Rojo succeeded in obtaining summary judgment for the claimed amount on the grounds of Jillcris’ failure to provide a payment schedule within the time allowed by s14 of the Act.
The court found that no election had been made by Rojo as it had withdrawn the notice before Jillcris had responded, and before Rojo had applied for adjudication. The court concluded that it was unclear whether Rojo would have been entitled to withdraw the notice and claim the debt in court, if Jillcris had provided a payment schedule on time in response to the notice.
Nick King & Ben Aitken
Successive Payment Claims Do Not Necessarily Have To Be For New Or Additional Work, But They Cannot Be Identical. If A Payment Claim Merely Repeats An Earlier Claim It Will Not Be Valid And Therefore Cannot Be Adjudicated – Doolan v Rubikcon (Qld) Pty Ltd & Ors
Rubikcon made a ‘final claim’ for payment, which was not paid. An adjudicator was appointed and determined that the adjudication was a nullity because the adjudication application was not made within the time required by the Act. Rubikcon then resubmitted the payment claim in the same form as the earlier claim, except for changing the invoice date and including the words ‘Reissued 16 February 2006’.
When the resubmitted claim was not paid, a second adjudicator was appointed. The adjudicator accepted the payment claim as valid. Subsequently, an application was made to the court for a judgment debt to enforce the adjudicator’s certificate.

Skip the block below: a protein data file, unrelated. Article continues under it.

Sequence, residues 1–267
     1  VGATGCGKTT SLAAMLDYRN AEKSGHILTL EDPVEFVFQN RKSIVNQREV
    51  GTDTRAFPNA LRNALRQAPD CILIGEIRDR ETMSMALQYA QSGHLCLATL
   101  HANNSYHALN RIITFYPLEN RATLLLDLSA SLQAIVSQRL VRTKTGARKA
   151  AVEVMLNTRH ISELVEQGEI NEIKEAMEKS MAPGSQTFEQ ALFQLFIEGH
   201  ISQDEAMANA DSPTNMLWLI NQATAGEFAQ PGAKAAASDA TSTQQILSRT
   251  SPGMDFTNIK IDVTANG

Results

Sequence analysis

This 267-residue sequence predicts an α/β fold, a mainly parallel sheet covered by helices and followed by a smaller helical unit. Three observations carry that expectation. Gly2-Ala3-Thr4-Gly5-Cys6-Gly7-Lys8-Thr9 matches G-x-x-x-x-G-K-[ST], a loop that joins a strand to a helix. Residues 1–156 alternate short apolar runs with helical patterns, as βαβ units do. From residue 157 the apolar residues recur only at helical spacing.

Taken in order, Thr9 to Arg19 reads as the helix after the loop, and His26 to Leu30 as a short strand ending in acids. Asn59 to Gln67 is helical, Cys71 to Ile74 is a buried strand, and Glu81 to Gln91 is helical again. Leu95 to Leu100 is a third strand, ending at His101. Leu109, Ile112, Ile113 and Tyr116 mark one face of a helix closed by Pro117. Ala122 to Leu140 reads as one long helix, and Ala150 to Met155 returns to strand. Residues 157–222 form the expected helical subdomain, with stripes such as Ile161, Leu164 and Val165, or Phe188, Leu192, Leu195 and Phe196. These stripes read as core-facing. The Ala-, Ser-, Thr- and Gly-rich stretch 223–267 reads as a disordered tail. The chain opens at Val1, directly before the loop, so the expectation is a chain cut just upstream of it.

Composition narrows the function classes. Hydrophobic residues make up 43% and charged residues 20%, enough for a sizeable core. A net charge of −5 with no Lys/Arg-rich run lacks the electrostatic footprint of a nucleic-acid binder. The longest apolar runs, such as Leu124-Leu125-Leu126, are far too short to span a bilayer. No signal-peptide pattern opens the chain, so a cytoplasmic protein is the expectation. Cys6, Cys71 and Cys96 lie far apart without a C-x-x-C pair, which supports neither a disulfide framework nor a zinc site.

The court considered Brodyn Pty Ltd v Davenport, which held that successive payment claims did not necessarily have to be for additional work but distinguished this case on the basis that the second claim was identical to the first. The court held that a previous claim may be included in a later claim, but there was no authority to allow a second claim to be made that was identical to the first. The court conceded that the second claim was not capable of founding the jurisdiction of the adjudicator.
Bede Lipman & Phillip Woods
Judicial Review Of Security Of Payment Decisions No Longer Available In Queensland - Justice and Other Legislation Amendment Act 2007 (Qld)
The Justice and Other Legislation Amendment Act 2007 (Qld) (Amending Act) received royal assent on 29 August 2007 and came into force on 27 September 2007. The Amending Act reforms the Judicial Review Act 1991 (Qld), to exclude an adjudicator’s decision from judicial review under the Building Construction Industry Payments Act 2004 (Qld). Parties are still be able to challenge an adjudicator’s decision on the basis of a common law judicial review, as in NSW.
Expert Reports Assessing Defects In Completed Construction Work Are Not Within The Meaning Of Related Goods And Services Under The NSW Act, However It Is For The Adjudicator To Determine Their Own Jurisdiction - Boutique Developments Ltd v Construction & Contract Services Pty Ltd and Anor  NSWSC 1042
This case reinforces the unwillingness of the courts to intervene in adjudications under the NSW Act on jurisdictional grounds.
Boutique Developments sought to restrain Construction & Contract Services from pursuing an adjudication application on the grounds that the work in question was not ‘construction work’ or ‘related goods and services’, within the meaning of the Act.
The application related to the provision by Construction & Contract Services of expert engineering reports to Boutique Developments. The reports assessed defects in construction works (completed by others) and costs associated with rectifying those defects, in support of Boutique Developments’ claim against third party insurers.
The court held that the reports did not fall within the definition of ‘construction work’, as the services were not to ‘construct’ or ‘repair’ the works. Instead the reports concerned the quality of construction of work done by others and identified the repairs that were necessary to be made by others.